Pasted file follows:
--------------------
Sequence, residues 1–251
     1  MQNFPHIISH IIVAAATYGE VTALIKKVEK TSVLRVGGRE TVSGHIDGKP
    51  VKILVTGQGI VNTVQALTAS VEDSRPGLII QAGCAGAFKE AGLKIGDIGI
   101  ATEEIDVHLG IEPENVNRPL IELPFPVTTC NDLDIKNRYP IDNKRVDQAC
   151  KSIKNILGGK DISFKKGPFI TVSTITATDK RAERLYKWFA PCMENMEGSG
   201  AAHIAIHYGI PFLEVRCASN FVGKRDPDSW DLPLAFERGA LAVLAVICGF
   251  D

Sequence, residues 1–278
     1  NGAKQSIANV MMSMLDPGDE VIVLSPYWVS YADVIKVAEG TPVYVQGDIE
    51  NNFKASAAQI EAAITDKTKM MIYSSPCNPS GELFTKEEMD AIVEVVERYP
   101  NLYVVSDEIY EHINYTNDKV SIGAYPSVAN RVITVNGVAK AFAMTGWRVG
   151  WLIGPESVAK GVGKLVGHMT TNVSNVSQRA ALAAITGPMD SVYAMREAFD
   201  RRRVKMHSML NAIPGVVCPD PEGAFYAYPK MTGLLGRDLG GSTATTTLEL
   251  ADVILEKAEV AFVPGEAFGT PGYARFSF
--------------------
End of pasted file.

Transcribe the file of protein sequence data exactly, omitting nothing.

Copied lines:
Sequence, residues 1–251
     1  MQNFPHIISH IIVAAATYGE VTALIKKVEK TSVLRVGGRE TVSGHIDGKP
    51  VKILVTGQGI VNTVQALTAS VEDSRPGLII QAGCAGAFKE AGLKIGDIGI
   101  ATEEIDVHLG IEPENVNRPL IELPFPVTTC NDLDIKNRYP IDNKRVDQAC
   151  KSIKNILGGK DISFKKGPFI TVSTITATDK RAERLYKWFA PCMENMEGSG
   201  AAHIAIHYGI PFLEVRCASN FVGKRDPDSW DLPLAFERGA LAVLAVICGF
   251  D

Sequence, residues 1–278
     1  NGAKQSIANV MMSMLDPGDE VIVLSPYWVS YADVIKVAEG TPVYVQGDIE
    51  NNFKASAAQI EAAITDKTKM MIYSSPCNPS GELFTKEEMD AIVEVVERYP
   101  NLYVVSDEIY EHINYTNDKV SIGAYPSVAN RVITVNGVAK AFAMTGWRVG
   151  WLIGPESVAK GVGKLVGHMT TNVSNVSQRA ALAAITGPMD SVYAMREAFD
   201  RRRVKMHSML NAIPGVVCPD PEGAFYAYPK MTGLLGRDLG GSTATTTLEL
   251  ADVILEKAEV AFVPGEAFGT PGYARFSF